When people publicly rage about perceived injustices that don’t affect them personally, we tend to assume this expression is rooted in altruism—a “disinterested and selfless concern for the well-being of others.” But new research suggests that professing such third-party concern—what social scientists refer to as “moral outrage”—is often a function of self-interest, wielded to assuage feelings of personal culpability for societal harms or reinforce (to the self and others) one’s own status as a Very Good Person.
Webster’s Dictionary quickly edited the definition of the word “preference” after it was declared by some as an “offensive” term to use when discussing sex.
The dictionary previously added in a definition for “preference” to include “orientation” and “sexual preference,” Steve Krakauer, the executive producer of Megyn Kelly’s podcast, tweeted.
After Supreme Court nominee Judge Amy Coney Barrett used the term “sexual preference” Tuesday during confirmation hearings, some, including Democratic Hawaii Sen. Mazie Hirono, claimed that the term is offensive – despite it being used widely. Barrett later apologized, saying she “honestly did not mean any offense or to make any statement by that.”
Shortly after, Webster’s Dictionary sprinted to edit the definition of “preference” in regards to the term “sexual preference,” this time declaring that it is “offensive,” archives of the website suggest.
Greg Patton is a professor of clinical business communication at the University of Southern California. During a recent virtual classroom session, he was discussing public speaking patterns and the filler words that people use to space out their ideas: um, er, etc. Patton mentioned that the Chinese often use a word that is pronounced like nega.
“In China the common word is ‘that, that that that,’ so in China it might be ‘nega, nega, nega, nega,'” Patton explained to his class. “So there’s different words you’ll hear in different cultures, but they’re vocal disfluencies.”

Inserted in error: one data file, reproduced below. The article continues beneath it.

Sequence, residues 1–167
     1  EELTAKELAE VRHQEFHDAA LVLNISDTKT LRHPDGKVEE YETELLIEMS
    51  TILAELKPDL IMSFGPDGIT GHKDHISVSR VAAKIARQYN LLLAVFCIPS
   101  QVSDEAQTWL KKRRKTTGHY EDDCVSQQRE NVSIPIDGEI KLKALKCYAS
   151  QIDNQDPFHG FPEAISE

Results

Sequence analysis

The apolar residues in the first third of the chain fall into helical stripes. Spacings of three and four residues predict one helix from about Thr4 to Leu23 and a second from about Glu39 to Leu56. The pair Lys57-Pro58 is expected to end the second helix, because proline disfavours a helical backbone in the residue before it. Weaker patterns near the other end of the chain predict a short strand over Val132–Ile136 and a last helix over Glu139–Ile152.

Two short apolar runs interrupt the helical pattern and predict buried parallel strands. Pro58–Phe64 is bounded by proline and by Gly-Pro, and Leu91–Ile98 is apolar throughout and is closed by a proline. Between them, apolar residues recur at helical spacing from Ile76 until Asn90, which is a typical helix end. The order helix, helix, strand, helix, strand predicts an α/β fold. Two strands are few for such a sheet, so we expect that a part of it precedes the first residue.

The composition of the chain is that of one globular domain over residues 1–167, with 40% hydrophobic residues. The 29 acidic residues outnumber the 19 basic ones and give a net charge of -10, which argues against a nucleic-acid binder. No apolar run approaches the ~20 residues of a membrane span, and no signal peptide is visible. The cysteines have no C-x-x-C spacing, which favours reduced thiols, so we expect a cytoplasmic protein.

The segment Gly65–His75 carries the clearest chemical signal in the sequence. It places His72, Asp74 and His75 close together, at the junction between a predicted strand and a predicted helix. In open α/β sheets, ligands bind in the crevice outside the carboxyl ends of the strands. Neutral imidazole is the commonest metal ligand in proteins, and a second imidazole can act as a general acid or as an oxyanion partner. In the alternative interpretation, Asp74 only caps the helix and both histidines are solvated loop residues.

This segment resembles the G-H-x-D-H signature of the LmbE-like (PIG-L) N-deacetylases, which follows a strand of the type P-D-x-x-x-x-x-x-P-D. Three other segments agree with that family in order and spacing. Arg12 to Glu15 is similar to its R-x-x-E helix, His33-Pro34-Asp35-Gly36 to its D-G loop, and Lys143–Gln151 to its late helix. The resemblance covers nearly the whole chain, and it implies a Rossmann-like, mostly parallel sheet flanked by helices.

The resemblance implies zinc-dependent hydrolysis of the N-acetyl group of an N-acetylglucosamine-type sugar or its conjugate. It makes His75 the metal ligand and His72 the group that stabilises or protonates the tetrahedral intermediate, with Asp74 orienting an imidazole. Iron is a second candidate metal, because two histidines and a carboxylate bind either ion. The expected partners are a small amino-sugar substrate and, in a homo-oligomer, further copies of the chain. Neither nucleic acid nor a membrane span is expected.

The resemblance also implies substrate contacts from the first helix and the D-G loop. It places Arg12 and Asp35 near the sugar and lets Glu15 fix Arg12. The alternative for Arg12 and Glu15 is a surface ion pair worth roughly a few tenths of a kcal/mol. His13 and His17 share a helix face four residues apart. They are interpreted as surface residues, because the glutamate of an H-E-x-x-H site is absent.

On Tuesday evening, the USC Marshall School of Business provided Campus Reform with a statement, confirming that Patton is no longer teaching his course.
“Recently, a USC faculty member during class used a Chinese word that sounds similar to a racial slur in English. We acknowledge the historical, cultural and harmful impact of racist language,” the statement read.
Patton “agreed to take a short term pause while we are reviewing to better understand the situation and to take any appropriate next steps.”
Another instructor is temporarily teaching the class.
USC is now “offering supportive measures to any student, faculty, or staff member who requests assistance.” The school is “committed to building a culture of respect and dignity where all members of our community can feel safe, supported, and can thrive.”
This is ridiculous. It seems clear that Patton did not mean to harm anyone, and that the point he was making was perfectly valid. The resemblance between these two words is purely coincidental, and adults should be perfectly capable of hearing the Chinese version without fainting in front of their computer screens. Anyone who is this prepared to be bothered all the time needs to turn down their outrage dial.
“I’ll say this ten thousand times, but if anyone thinks they’re helping the cause of racial equality by engaging in absurd, over-the-top speech policing of innocent people, then they’re sadly mistaken,” wrote The Dispatch‘s David French.